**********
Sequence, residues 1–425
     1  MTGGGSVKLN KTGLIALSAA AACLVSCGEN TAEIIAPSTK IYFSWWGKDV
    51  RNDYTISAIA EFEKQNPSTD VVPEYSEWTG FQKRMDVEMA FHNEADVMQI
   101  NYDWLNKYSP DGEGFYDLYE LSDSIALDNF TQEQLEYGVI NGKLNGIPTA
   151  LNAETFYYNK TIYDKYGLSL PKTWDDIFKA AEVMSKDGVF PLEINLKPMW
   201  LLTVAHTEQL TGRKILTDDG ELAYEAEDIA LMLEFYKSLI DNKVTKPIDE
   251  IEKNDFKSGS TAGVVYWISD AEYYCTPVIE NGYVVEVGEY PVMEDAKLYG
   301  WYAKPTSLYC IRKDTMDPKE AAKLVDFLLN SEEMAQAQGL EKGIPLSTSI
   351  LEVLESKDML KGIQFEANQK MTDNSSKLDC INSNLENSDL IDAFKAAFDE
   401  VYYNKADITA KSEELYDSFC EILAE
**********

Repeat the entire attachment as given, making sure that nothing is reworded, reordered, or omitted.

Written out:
Sequence, residues 1–425
     1  MTGGGSVKLN KTGLIALSAA AACLVSCGEN TAEIIAPSTK IYFSWWGKDV
    51  RNDYTISAIA EFEKQNPSTD VVPEYSEWTG FQKRMDVEMA FHNEADVMQI
   101  NYDWLNKYSP DGEGFYDLYE LSDSIALDNF TQEQLEYGVI NGKLNGIPTA
   151  LNAETFYYNK TIYDKYGLSL PKTWDDIFKA AEVMSKDGVF PLEINLKPMW
   201  LLTVAHTEQL TGRKILTDDG ELAYEAEDIA LMLEFYKSLI DNKVTKPIDE
   251  IEKNDFKSGS TAGVVYWISD AEYYCTPVIE NGYVVEVGEY PVMEDAKLYG
   301  WYAKPTSLYC IRKDTMDPKE AAKLVDFLLN SEEMAQAQGL EKGIPLSTSI
   351  LEVLESKDML KGIQFEANQK MTDNSSKLDC INSNLENSDL IDAFKAAFDE
   401  VYYNKADITA KSEELYDSFC EILAE